We have these two different people in prayer – a tax collector and a pharisee. And we’re sort of conditioned to hear these two characters as two stereotypes – one good and one sinister…
For the crowd gathered with Jesus, they might have heard two stereotypes as well – one good and one sinister. That would be the Pharisee as good and the tax collector as sinister. We tend to hear it the other way around with the pharisee as sinister – because when Pharisees turn up in the Gospels, they usually to cause trouble.
In Jesus time, tax collectors really were quite menacing people. Whatever else we may think of SARS, we don’t tend to think they are menacing. But in Jesus day, tax collectors worked, more or less, on commission. They collected money, took their portion off the top, and the rest went to the government. The incentive to “over-collect” is more than obvious. The incentive to use any means necessary is also obvious. Tax collectors were in the league of loan sharks, repo men, and bounty hunters.
Pharisees, on the other hand, were really among the most admired religious folks of their day. They were faithful and thoroughly devout. Today’s equivalent might be the leaders of the churches. They would be on administrative boards and leading prayers. They would be on Altar Guilds and Mother’s Unions. They knew the expectations and the guidelines of the tradition and were thoroughly devoted to them.
Jesus frequently has a hard time with Pharisees. But it’s not because they were bad or ill-intentioned people. The Pharisees were especially devoted to the way things were and had always been… And Jesus, to be honest, was a troublemaker. Jesus still is…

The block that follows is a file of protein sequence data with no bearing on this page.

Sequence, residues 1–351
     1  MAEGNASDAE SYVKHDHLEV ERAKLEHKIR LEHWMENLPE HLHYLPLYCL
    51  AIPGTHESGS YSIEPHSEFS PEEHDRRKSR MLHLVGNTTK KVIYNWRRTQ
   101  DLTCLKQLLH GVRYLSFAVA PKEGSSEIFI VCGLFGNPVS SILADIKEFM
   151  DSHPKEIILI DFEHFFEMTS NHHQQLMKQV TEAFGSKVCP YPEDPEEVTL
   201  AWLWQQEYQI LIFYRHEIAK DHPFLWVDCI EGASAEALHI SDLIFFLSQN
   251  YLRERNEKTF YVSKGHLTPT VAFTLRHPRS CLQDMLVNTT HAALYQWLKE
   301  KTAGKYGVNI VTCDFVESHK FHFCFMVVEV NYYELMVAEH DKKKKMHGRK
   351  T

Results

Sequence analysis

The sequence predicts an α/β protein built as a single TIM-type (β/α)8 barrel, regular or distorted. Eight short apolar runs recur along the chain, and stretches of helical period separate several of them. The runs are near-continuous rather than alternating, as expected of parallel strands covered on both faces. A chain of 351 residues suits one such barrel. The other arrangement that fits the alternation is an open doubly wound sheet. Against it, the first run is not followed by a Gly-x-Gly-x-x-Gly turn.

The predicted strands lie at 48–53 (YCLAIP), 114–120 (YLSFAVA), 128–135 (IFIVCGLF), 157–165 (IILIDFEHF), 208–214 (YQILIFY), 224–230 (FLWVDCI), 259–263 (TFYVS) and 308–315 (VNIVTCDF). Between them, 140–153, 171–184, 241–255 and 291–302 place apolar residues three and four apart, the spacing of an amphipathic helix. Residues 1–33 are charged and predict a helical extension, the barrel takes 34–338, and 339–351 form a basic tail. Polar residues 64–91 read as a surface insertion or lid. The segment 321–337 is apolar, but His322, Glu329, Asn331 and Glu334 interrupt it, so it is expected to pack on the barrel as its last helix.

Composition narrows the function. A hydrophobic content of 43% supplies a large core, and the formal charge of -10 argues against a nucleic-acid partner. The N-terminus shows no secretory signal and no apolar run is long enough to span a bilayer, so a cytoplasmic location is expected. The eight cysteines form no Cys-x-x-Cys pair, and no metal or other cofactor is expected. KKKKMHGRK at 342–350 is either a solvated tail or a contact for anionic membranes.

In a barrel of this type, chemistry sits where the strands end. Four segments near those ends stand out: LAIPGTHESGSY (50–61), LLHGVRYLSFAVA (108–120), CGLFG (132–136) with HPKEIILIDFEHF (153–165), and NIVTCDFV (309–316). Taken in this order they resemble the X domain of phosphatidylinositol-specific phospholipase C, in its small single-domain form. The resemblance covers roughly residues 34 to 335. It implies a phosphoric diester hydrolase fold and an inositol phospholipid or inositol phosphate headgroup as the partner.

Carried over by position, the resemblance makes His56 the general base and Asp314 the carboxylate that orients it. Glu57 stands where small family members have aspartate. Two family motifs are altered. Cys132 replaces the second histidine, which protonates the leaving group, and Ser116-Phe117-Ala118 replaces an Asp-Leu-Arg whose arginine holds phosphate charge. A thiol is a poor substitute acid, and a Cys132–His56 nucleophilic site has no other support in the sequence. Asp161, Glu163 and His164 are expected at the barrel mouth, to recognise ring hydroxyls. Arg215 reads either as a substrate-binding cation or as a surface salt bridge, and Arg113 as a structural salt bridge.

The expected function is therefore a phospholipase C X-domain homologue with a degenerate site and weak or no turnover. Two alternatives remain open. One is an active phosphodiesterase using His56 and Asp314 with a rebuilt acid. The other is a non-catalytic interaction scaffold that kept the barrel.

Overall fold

But in this little parable we have the Pharisee and the Tax Collector meeting up in worship. Their posture and their prayer tell quite a story. The Pharisee is described as standing by himself. Luke doesn’t say exactly where he stood, but we can guess it was in a prominent place. The tax collector, meanwhile, stands out of the way… eyes cast down… avoiding attention.
And then there are the prayers. “God, I thank you that I am not like other people” as
opposed to “God, be merciful to me, a sinner”. The Pharisee drips so much condescension we have to be careful not to step in the puddles. The tax collector epitomizes humility.
The parable might be telling us that our preconceptions of who is good and who is bad are unreliable.
This is an important lesson for our time. We are conditioned to think that those who are wealthy and comfortable must be doing something right – must be worthy of admiration and emulation. Sometimes they are… but not always. And sometimes those on the outcast side of society are worthy of admiration and emulation, but not always.
It’s easy to think in terms of stereotypes because they require no thought. They are quick. They don’t bog down in details. But in this short little parable, Jesus takes two stereotypes of his day – tax collector and pharisee – and scrambles them. By now, we have adopted Jesus’ scrambled versions as standard. But to grapple with this parable we have to re-scramble our stereotypes.
For the tax collector, the prayer is very simple. God be merciful to me, a sinner. If we were in the Eastern Orthodox tradition, we would hear this as the Jesus Prayer: “Lord Jesus Christ, Son of God, have mercy on me, a sinner.” This prayer is not as common in the western tradition, but it is very much part of it. This prayer of the tax collector is one of the foundations of the Jesus Prayer.
The power of the Jesus Prayer, of the tax collector’s prayer, lies in its simple, brief, and direct nature. Proverbs tells us, where there are many words, sin is not lacking…
For the Pharisee, who does not seem to have gotten the memo about too many words, it’s a different story. “God, I thank you that I am not like other people…” He’s already passed the tax collector in length… And then he has to elaborate on just who it is that he is not like… more words… We next hear the things he admires most… about himself. How he fasts, how he tithes. He doesn’t have to say it, but we can see that pride is a big part of his prayer life.